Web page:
Online Program

Campus Tobacco-Free Policy Scale: Measurement of student perceptions of university tobacco-free policy

Sunday, November 1, 2015

Timothy Day, M.S., Department of Public Health Education, University of North Carolina- Greensboro, Greensboro, NC
Ronald Williams Jr., PhD, CHES, Department of Health and Human Performance, Texas State University, San Marcos, TX
Barry Hunt, EdD, Department of Food Science, Nutrition, and Health Promotion, Mississippi State University, Starkville, MS
Kathleen Egan, MS, Department of Social Sciences and Health Policy, Wake Forest School of Medicine, Winston-Salem, NC
introduction: University administrators often hesitate to implement tobacco free campus policies due to fear of student resistance. This study examines the use of a survey instrument which may assist universities in assessing student support for these policies.

methods: A 21-item survey including the 8-item Campus Tobacco-Free Policy Scale (Cronbach’s α=.829) was administered to a convenience sample of students (n=1,235) at a Southern U.S. university. Scale scores were used to determine predictors of perceived support of a tobacco-free policy. Scale range was -2 to 2 with lower scores indicating less overall support of tobacco-free policies. 

results: Sample consisted of 84.6% nonsmokers and 15.4% smokers, consistent with local epidemiological data. Primary predictors of overall tobacco-free policy support were awareness of current campus policy and perceived secondhand smoke risk. Participants that knew the current policy (Scale Score=.395) were more likely (F=7.471; p=.001) to support a tobacco-free policy than those who partially knew the policy (.293) and those who did not know the policy (.203). Participants who perceived secondhand smoke to be a serious health concern (.473) were more likely (F=97.048; p≤.0010 to support a tobacco-free policy than those who perceived it to be somewhat serious (-.019) or not serious at all (-.657).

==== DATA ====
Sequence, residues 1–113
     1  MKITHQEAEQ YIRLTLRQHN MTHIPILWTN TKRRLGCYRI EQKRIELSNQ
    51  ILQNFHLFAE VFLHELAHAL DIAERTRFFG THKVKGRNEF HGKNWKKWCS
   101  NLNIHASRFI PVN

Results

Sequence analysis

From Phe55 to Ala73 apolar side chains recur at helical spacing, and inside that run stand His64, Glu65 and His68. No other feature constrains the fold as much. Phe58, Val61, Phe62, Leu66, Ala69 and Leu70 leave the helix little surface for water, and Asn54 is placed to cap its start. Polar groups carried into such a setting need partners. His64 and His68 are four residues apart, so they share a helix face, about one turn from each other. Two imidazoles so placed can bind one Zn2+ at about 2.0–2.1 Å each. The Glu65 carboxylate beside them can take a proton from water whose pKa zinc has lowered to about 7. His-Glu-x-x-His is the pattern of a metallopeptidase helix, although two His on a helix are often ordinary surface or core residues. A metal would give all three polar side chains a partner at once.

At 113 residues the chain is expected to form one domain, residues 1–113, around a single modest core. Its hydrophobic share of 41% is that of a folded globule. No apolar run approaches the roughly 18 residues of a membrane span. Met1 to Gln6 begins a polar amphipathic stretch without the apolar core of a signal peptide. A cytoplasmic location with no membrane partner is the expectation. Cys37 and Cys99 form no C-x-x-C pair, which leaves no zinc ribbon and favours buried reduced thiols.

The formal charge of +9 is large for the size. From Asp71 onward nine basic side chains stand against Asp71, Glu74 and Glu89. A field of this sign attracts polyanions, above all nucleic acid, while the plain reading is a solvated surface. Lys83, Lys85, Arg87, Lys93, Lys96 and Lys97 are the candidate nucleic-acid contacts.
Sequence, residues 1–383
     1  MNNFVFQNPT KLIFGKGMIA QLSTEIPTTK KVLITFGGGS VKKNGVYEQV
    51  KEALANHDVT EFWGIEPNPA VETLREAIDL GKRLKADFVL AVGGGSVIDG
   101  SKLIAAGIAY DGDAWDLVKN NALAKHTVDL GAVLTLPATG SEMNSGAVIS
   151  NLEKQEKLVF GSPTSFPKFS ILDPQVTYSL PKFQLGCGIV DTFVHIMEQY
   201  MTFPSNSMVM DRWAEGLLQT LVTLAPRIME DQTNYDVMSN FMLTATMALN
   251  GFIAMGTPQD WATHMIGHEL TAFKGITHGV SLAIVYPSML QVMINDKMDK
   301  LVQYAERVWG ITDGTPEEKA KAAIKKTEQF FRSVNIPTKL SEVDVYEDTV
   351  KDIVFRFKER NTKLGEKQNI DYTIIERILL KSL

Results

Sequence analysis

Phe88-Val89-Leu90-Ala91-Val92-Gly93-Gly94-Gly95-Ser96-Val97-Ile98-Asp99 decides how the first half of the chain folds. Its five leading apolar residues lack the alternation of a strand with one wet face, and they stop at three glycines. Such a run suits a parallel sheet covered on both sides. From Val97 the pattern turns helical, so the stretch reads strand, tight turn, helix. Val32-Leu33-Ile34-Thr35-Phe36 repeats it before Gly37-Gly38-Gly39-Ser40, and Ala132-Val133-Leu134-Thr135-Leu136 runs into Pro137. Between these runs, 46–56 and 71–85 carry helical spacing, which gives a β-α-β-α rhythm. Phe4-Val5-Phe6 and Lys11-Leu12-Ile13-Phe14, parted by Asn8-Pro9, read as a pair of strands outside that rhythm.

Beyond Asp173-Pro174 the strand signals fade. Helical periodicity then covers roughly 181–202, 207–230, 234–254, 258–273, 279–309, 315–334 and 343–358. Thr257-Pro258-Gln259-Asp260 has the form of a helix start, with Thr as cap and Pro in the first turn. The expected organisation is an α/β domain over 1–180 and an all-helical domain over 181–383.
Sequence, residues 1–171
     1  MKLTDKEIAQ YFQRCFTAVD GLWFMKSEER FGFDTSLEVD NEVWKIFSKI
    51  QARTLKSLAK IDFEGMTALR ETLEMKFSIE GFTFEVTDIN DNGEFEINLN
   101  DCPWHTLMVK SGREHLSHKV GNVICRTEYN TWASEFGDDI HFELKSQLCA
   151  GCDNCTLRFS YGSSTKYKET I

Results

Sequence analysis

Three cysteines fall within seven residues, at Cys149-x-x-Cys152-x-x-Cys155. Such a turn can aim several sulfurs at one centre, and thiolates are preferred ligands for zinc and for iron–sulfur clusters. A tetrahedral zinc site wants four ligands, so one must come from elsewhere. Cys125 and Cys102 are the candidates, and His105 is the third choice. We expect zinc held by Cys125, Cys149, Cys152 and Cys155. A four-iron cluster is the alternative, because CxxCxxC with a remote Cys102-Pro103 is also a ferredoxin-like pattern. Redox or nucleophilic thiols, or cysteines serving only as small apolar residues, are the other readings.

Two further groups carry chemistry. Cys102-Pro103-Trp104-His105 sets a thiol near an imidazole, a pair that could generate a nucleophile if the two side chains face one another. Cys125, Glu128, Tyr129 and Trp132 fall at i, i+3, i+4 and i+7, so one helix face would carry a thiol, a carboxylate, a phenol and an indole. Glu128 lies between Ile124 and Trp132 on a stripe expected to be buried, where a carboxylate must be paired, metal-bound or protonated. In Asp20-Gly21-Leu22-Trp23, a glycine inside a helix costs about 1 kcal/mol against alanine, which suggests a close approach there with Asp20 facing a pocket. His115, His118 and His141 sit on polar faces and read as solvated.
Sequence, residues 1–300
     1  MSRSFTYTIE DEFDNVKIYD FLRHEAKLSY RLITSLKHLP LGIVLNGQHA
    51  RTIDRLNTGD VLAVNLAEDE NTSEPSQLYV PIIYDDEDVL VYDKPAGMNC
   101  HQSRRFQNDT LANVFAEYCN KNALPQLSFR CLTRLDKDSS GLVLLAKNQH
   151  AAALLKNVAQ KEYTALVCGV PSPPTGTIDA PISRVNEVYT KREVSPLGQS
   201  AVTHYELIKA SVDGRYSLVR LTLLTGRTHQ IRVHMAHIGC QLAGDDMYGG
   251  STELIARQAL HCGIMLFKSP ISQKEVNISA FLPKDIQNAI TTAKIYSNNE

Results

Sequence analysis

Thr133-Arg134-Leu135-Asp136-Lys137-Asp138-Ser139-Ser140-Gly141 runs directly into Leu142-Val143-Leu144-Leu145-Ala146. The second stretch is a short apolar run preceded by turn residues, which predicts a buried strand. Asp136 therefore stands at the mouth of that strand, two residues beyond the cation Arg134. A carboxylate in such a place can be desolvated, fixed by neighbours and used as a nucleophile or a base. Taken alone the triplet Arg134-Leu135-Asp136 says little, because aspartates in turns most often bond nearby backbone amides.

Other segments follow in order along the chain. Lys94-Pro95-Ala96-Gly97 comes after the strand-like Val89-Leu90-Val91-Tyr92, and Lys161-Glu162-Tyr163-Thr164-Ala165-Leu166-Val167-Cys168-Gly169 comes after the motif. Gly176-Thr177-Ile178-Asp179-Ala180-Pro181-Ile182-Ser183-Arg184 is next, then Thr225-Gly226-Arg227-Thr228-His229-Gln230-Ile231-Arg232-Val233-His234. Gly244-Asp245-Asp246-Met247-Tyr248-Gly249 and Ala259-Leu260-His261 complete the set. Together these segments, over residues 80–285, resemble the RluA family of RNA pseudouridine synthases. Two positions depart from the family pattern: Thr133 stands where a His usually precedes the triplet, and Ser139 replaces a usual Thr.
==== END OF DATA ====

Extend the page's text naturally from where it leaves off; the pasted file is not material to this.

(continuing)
conclusion: University health educators should educate students on secondhand smoke risks, as well as increase awareness of the current campus policy.

Learning Areas:

Administer health education strategies, interventions and programs
Public health or related education
Public health or related research

Learning Objectives:
Differentiate among variables that impact the perceived importance of a tobacco-free policy. Assess student support of tobacco-free policy via the the Campus Tobacco-Free Policy Scale

Keyword(s): College Students, Tobacco Control

Presenting author's disclosure statement:

Qualified on the content I am responsible for because: Ms. Egan is a Research Associate at Wake Forest School of Medicine and a Doctoral Student at The University of North Carolina at Greensboro. Her research focuses on the prevention of prescription drug, alcohol, and other illicit drug use among youth and young adults. She is involved with a number of research studies in the areas of youth and young adult access to- and use of alcohol, prescription drugs, tobacco, and other illicit drugs.
Any relevant financial relationships? No

I agree to comply with the American Public Health Association Conflict of Interest and Commercial Support Guidelines, and to disclose to the participants any off-label or experimental uses of a commercial product or service discussed in my presentation.